Tuscaloosa Housing Authority Brings New Life to Community Using HUD Stimulus Funding
When the Tuscaloosa Housing Authority was awarded $20 million in HUD funding under HUD's HOPE VI Program to revitalize the Mckenzie Court public housing community, it was good news for the west Tuscaloosa community. The project would create 144 units of new housing in an area where the housing stock was aging and rapidly deteriorating. However, even as work began on the Mckenzie Court project other community needs within sight stood out. At first City and community leaders had no idea of where to find funding for some of the needed improvements in the community, but when the Tuscaloosa Housing Authority was awarded over $2.8 million dollars in competitive stimulus funding as well as over $4 million in formula stimulus funding, local leaders all agreed that expanding McKenzie Court, as well as addressing some of the needs in the surrounding community, would be amongst the best potential uses of the funds.
Tuscaloosa Housing Authority received over $20 million in HUD HOPE VI funding for the revitalization of the McKenzie Court Community. The approved funding included plans for not only the construction of housing units, but also the creation of a community library. With the addition of HUD formula stimulus funding the Authority was able to expand the scope of the project, including the installation of new hydro-heating systems throughout, installation of water conserving toilets and faucets, as well as installation of additional ceiling insulation. These improvements will add value to the property and lower the monthly and annual utility bills for residents on fixed incomes.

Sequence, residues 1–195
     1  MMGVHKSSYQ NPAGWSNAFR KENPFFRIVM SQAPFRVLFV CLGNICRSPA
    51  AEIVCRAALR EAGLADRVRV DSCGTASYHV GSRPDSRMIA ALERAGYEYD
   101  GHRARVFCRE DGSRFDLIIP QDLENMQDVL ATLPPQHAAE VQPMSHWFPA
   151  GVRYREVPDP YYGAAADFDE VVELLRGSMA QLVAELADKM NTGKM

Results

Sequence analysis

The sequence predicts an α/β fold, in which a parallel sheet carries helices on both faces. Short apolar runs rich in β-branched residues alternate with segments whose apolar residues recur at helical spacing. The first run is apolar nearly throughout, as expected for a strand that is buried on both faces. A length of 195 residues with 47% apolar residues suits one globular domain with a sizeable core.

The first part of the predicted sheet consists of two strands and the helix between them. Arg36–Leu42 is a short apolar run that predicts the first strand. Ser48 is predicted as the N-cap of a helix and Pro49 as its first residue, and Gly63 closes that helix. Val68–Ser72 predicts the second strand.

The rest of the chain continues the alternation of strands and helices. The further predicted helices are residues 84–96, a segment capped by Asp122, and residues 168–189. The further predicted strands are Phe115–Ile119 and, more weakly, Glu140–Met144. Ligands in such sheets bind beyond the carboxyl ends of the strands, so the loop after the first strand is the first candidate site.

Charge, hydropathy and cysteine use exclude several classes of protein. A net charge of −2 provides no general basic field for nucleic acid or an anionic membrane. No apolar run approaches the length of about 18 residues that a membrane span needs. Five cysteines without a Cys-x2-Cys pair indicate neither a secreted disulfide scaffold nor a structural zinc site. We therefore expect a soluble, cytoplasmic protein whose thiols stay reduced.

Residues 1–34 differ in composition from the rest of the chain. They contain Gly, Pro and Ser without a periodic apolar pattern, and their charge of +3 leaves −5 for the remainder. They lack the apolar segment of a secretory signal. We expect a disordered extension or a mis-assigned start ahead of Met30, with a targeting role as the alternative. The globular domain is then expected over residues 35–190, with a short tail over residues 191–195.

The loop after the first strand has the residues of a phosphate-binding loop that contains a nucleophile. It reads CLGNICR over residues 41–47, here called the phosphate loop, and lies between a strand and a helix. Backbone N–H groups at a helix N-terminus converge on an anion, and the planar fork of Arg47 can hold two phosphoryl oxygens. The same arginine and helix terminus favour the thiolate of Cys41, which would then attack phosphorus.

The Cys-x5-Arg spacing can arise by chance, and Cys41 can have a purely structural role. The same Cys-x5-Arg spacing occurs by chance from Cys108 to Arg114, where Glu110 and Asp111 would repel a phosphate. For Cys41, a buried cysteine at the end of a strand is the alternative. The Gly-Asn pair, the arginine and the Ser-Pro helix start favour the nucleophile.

Nearly $900,000 of stimulus funding was committed to renovations at McKenzie Court Annex, a 30 unit elderly property across the street from McKenzie Court. At the McKenzie Court Annex scheduled improvements included installation of new front porches, improvements to the roofing system, installation of energy efficient windows, landscaping improvements and the creation of a small "pocket park."
But the impact of the stimulus funding did not stop at the McKenzie Court community. Over $1 million of the stimulus funding was invested in Branscomb Apartments, an elderly housing community operated and owned by Tuscaloosa Housing Authority. Because of stimulus funding the 33 units in this elderly housing community experienced a comprehensive renovation that included the installation of new energy efficient heat pumps, the addition of 200 square feet of living space, new electrical wiring, new plumbing and piping, new air conditioning systems, and new front porches and rear patios. The safety of the community was enhanced by the installation of a residential fire protection sprinkler system.
In addition to the much needed physical improvements to Branscomb Apartments, the Tuscaloosa Housing Authority was also able to renovate and expand an existing Community Center at the property. The renovations included the installation of a commercial kitchen, the expansion of a limited educational center, and the creation of a community library. As a result of these improvements the community is now able to offer an elderly feeding program, an on-site fitness program, and an on-site laundry facility. The enhanced community center is also available to the general community, and offers opportunities for programming not previously available.
The referenced stimulus projects in Tuscaloosa generated more than $2 million each in locally purchased materials and labor, $53,903 in local sales taxes, as well as more than $20,000 in permits and fees. The projects also generated 92 local construction jobs. In addition, the McKenzie Court HOPE VI funding generated an additional $695,688 in sales taxes, along with labor and material costs that each exceeded $7.5 million.
To learn more please go to www.hud.gov/alabama.
|Content Archived: December 26, 2013|